Review: Shortage of dialysis equipment leads to difficult decisions in New York ICUs

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Review: Shortage of dialysis equipment leads to difficult decisions in New York ICUs

Review: Shortage of dialysis equipment leads to difficult decisions in New York ICUs

This article reports on a surge in demand and scarcity of supply for dialysis machines in New York hospitals to treat COVID-19 patients.  

Most scarce resource allocation concerns regarding COVID-19 to date have focused on ventilators due to the significant respiratory effects of the disease. However, ICUs are reporting that many COVID-19 patients are developing acute kidney injury. The kidney problems are being reported in patients without advanced diabetes or chronic renal conditions, and the trend was not anticipated based on outbreaks in Asia and Europe.

New York hospitals are reporting a shortage of both ICU dialysis machines and specialized dialysis nurses. At least one hospital has reportedly had to split dialysis machine access, giving 2 patients each 12 hours of treatment rather than 24-hour care typical of ICU dialysis.

Should rationing be required for ventilators due to scarcity, this may raise questions about whether other scarce resources, such as dialysis machines, should be allocated to patients who are not improving.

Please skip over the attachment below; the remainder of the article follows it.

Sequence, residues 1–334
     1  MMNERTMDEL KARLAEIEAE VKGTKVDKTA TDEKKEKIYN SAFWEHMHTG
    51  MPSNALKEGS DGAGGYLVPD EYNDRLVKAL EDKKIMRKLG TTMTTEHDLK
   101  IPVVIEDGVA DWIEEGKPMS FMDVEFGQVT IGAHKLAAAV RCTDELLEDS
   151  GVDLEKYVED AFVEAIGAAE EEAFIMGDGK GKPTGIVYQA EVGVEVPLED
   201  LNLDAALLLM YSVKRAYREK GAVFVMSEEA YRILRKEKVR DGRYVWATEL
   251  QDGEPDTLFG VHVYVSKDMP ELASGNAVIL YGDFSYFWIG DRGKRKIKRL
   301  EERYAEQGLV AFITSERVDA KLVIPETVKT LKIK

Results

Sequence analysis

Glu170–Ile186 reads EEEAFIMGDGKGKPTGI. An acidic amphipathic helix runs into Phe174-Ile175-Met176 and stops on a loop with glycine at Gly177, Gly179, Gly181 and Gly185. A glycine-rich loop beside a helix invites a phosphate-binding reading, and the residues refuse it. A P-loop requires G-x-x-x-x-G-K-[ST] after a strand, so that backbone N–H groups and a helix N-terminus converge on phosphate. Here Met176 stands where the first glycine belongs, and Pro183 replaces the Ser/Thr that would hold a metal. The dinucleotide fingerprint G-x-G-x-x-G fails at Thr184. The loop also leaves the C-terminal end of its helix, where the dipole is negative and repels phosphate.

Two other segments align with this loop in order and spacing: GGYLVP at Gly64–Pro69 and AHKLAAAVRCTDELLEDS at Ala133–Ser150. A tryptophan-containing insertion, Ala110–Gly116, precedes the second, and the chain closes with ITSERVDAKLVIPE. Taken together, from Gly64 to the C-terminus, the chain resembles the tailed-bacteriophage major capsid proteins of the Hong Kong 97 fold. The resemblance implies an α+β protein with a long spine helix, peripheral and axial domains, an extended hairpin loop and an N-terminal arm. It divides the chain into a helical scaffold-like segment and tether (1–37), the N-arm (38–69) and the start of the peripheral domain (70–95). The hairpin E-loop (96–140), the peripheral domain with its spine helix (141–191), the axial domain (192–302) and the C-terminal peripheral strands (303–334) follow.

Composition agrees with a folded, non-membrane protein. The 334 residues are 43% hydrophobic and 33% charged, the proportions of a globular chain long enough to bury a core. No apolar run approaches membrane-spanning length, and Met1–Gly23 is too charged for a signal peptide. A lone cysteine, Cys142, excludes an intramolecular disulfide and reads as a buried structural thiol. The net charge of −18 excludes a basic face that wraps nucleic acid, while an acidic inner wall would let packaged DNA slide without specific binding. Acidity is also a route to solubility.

|2020-04-21T09:01:03-04:00April 20th, 2020|COVID-19 Literature|Comments Off on Review: Shortage of dialysis equipment leads to difficult decisions in New York ICUs

About the Author: Daniel Orenstein

Daniel Orenstein
Daniel G. Orenstein, JD, MPH, is Visiting Assistant Professor of Law at the Indiana University Robert H. McKinney School of Law in Indianapolis. He teaches in the areas of administrative law, public health law, and health care law and policy. His research focuses on public health law, policy, and ethics, and he was previously Deputy Director of the Network for Public Health Law Western Region, where much of his work centered on emergency preparedness and response, including resource allocation and government authority during declared emergencies, as well as vaccination policy.

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